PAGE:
Long Lost Symbolism Of Dance: War Dances

Published: 14th September 2010
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In a period when people fought and went to war to conquer new countries and regions or to defend their peace in their territories, war dance had two basic functions: to prepare the warriors for the battles and to welcome them back.

Phyrrhic dance

Mainly a manly dance, the Phyrrhic Greek dance has its origin in the times of Socrates and Plato. According to them, dance is the highest form of art and should be gracefully performed by all educated men, dancing being at the same time an exercise to keep the body strong and ready to do its duty on the battlefield. Hence this dance, whose name means the weapon dance, is a form of mock combat taken from Crete and perfected in Sparta.

African war dances

Although having different names and performed in different regions of Africa, African war dances have similar ways of being performed and almost the same function: to show men’s agility, toughness and virtuosity. These dances are a spiritual preparation for war. Performing them, the dancers want to acquire self respect and to strengthen cultural identity in order to be able to counter the influences coming from Western cultures. Other African dances are performed after the war and tell the story of the battles the warriors came back from. This happens because the history and culture of African people is transmitted basically orally. Nowadays these African dances are performed at festivals and funeral of important chiefs and members of the group.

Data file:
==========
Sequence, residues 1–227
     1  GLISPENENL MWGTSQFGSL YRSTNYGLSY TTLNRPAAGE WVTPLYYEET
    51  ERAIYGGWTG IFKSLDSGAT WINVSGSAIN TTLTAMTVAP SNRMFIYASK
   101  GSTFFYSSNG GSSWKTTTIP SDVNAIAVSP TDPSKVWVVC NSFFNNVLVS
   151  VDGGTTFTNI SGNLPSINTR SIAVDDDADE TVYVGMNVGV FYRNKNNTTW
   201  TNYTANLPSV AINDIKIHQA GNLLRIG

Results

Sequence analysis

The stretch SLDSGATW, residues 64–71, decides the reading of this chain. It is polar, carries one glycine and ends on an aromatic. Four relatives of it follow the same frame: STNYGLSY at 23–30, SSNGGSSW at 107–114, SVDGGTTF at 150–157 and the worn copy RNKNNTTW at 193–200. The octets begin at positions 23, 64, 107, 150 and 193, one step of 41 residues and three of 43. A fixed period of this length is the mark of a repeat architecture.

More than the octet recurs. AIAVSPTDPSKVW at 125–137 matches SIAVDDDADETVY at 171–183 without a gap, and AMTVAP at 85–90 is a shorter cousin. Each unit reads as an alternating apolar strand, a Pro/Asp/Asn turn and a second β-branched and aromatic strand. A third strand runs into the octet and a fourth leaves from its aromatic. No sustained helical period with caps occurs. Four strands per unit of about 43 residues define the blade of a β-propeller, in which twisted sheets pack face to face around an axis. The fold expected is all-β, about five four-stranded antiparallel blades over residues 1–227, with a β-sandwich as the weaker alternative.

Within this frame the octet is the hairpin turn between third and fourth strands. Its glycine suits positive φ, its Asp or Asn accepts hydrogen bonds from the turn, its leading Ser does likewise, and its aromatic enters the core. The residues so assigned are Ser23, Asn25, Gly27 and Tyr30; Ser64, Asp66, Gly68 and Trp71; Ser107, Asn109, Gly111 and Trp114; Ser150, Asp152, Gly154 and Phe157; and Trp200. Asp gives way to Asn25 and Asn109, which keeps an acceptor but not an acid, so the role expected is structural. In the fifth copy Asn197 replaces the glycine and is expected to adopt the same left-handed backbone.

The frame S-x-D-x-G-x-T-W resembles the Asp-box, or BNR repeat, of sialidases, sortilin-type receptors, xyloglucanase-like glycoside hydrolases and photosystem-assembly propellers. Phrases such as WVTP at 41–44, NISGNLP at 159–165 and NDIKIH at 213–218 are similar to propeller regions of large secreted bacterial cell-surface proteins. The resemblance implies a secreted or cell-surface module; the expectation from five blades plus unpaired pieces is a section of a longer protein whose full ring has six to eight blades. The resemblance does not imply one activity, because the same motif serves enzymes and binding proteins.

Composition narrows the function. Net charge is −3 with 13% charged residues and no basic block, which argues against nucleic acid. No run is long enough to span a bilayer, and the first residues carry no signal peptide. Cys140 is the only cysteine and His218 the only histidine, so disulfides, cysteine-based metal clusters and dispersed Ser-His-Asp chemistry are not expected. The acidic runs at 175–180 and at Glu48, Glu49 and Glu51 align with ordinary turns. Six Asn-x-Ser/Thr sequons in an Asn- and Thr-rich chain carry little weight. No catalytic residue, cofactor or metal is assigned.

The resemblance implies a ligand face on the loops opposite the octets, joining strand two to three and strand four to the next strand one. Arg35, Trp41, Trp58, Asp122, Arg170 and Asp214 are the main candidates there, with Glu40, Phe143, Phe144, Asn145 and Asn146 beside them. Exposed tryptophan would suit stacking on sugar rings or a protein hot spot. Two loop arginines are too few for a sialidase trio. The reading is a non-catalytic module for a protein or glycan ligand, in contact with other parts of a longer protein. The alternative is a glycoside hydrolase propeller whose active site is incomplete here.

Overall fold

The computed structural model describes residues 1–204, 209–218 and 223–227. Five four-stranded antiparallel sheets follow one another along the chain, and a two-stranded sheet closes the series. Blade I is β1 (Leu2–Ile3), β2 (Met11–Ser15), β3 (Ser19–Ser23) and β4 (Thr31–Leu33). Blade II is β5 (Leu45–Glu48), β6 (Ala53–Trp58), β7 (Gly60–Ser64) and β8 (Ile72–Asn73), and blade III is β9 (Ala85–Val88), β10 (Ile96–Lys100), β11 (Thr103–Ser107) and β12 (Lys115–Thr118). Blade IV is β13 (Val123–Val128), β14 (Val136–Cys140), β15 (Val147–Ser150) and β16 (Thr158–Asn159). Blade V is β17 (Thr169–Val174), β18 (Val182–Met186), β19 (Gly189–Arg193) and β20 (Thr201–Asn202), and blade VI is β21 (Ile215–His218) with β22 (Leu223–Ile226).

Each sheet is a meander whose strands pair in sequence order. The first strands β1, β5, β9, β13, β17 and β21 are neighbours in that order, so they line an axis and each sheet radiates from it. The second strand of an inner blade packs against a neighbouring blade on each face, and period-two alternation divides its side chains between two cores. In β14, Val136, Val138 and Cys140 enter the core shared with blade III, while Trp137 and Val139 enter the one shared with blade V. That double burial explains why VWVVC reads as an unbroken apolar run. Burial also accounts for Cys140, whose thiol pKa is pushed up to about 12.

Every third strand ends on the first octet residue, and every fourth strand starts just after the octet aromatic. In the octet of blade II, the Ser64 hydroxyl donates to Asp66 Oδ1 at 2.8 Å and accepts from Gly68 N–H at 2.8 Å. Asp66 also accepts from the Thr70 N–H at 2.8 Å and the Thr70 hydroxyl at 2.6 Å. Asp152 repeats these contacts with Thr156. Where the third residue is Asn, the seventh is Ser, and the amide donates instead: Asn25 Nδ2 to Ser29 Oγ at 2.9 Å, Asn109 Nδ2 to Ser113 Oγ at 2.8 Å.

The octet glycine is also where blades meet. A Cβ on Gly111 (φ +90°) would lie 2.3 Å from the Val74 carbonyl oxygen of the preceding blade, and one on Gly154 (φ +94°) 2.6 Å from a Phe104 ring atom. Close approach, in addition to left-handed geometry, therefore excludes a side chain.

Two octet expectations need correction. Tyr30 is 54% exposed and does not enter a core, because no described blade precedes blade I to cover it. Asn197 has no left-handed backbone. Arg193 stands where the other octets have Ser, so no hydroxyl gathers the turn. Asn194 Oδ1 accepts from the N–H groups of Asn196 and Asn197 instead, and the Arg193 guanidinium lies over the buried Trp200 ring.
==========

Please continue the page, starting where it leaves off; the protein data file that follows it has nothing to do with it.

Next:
Datun Julud

Datun Julud or the Hornbill dance is also a post war dance, but this time it is performed only by women and not in Africa, but in Malaysia. Its main function was to welcome back the warriors who fought in battles to preserve the peace of the territories. Nowadays, the dance is still performed in longhouses to greet the visitors and tourists. Very elegant, the women have to keep their head still, as their earrings not to balance too much and at the same time to mimic the movements of the bird which gave the name to this dance.


Crossing continents, the Brazilian dance Capoeira was transformed in a fight dance. Capoeira has its origins during the enslavement, and dancers use movements that give the impression of a real fight. The dance is performed in a ‘roda’, or circle of encouraging people, in the middle of which two men fight. They represent the slave fighting against his master in order to obtain his freedom.

From the different examples, it can be seen that the main functions of dance changed along centuries in order to preserve the cultural background of a community.

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